Sun 22 Mar 2009
The best flashes come to me after serious hard thinking, following a prompt along its many tangents, discarding the ideas I feel have been done before or would be ‘flat’ on the screen (or page). Eventually, I’ll find a thread I think I can work with, and then I get weaving.
Of course I also get inspiration from reading other stuff, or may want to write a flash that tackles a particular idea or theme. I’ve had tremendous fun writing 250 word flashes around instances of historical crime. Researching some truly grisly or bizarre or just plain boggling crimes and teasing out a scene from in amongst the facts and the mythical stuff that accompanies stories like Lizzie Borden’s. (My flash about Lizzie won the Fish Historical-Crime Award, and will be published online in Yellow Mama, a venue specialising in crime fiction.)
The trick, for me anyway,when writing historical flash is to find a single scene and build it into something compelling enough to feel either very ‘real’ (like you’re there, watching it happen) or very moving (by which I mean it can be disturbing or sickening or pitiable or sad), while at the same time avoiding treading old ground and/or extrapolating too far beyond the evidence which exists on record. This works well for historical flash fiction because the ’story’ (as a whole) often exists in the public domain – you don’t have to build it from scratch – but the fine detail or the pathos or the resonance (the things that give a story substance) are either missing or lost in the annals. By using a title which pins the story down, I have the freedom to work within a defined space to bring the past to life. Assuming I’m lucky enough to get the words down right.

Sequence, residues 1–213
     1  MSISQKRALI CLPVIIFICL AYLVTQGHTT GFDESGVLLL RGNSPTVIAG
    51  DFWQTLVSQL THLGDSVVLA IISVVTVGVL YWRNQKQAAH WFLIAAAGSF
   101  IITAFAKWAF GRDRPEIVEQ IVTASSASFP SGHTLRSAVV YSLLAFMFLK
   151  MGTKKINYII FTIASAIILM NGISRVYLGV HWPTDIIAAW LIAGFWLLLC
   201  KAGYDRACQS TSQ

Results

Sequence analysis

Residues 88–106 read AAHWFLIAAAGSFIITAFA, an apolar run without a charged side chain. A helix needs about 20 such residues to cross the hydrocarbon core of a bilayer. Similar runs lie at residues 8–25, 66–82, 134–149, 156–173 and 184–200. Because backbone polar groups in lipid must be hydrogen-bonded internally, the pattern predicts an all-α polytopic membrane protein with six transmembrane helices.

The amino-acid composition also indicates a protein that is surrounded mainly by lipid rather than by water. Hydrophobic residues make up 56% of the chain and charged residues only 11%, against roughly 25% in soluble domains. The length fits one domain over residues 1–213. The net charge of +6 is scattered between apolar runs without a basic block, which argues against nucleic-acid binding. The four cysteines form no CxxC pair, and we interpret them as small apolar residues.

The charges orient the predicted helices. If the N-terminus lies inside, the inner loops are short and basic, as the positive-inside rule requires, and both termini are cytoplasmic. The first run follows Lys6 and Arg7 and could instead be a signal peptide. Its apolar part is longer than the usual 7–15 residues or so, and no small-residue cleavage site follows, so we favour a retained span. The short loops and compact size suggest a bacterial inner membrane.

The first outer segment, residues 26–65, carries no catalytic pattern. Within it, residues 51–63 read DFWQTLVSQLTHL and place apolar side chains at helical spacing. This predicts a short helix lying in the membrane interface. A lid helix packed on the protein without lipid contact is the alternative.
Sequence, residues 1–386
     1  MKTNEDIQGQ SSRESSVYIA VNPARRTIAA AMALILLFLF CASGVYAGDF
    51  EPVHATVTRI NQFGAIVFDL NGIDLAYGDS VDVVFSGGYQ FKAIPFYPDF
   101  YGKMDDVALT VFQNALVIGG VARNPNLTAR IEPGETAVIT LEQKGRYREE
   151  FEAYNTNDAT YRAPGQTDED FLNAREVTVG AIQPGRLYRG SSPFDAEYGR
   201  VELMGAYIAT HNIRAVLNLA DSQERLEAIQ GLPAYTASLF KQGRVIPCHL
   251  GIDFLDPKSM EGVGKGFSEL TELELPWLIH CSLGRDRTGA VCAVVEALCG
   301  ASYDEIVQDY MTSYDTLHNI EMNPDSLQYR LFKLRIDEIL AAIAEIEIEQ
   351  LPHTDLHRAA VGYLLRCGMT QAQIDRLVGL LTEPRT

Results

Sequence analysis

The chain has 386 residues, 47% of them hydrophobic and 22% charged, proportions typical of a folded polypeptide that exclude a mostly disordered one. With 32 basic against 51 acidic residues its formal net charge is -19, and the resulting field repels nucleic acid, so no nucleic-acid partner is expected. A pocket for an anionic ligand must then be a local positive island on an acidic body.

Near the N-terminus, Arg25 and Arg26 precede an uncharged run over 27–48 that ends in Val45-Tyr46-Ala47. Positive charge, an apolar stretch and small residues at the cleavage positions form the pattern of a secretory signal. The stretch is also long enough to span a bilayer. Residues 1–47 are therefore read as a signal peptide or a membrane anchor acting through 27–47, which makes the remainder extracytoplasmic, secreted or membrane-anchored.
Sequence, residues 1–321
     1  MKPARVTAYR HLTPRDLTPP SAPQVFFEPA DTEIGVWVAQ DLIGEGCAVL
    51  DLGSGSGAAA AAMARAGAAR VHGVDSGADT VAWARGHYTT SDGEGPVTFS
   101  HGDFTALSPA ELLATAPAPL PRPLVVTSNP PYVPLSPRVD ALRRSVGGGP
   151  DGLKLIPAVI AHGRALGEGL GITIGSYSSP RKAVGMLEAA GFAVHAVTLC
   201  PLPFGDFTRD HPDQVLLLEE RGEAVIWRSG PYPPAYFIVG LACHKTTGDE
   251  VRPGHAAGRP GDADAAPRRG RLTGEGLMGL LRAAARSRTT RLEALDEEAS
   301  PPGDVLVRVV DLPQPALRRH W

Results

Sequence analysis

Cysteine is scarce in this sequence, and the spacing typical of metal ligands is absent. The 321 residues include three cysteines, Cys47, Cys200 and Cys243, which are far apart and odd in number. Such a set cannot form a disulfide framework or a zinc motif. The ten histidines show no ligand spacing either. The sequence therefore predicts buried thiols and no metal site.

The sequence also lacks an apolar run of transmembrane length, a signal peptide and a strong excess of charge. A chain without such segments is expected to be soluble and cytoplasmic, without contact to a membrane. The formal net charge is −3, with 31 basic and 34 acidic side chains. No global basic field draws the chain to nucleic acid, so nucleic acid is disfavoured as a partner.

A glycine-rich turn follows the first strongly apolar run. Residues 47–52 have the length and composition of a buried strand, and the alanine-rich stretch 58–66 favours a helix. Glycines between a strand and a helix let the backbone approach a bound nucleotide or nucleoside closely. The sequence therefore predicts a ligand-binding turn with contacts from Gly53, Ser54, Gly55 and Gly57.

For me, flash fiction is a unique combination of discipline and freedom. I stopped writing flash briefly when I was deep into the first ms of a novel, thinking I couldn’t afford the distraction and needed to dedicate my every available writing hour to the novel. But my writing suffered for it, as did the novel. So I switched to writing a full length crime novel AND doing a flash challenge every week, and the two things were not only compatible they were positively zinging – the one from the other and back again.
Flash is a great way of flexing your writerly muscles. I can’t recommend it enough.
Sarah Hilary is a frequent contributor to Every Day Fiction (Lolita’s Lynch Mob is an all-time favorite) and on other flash sites around the web. Check out her blog, Crawl Space, where she lists all her online writing and then check out her other brilliant FLASHES of fiction. Her most recent piece, Flood Plain, is up at Prick of the Spindle.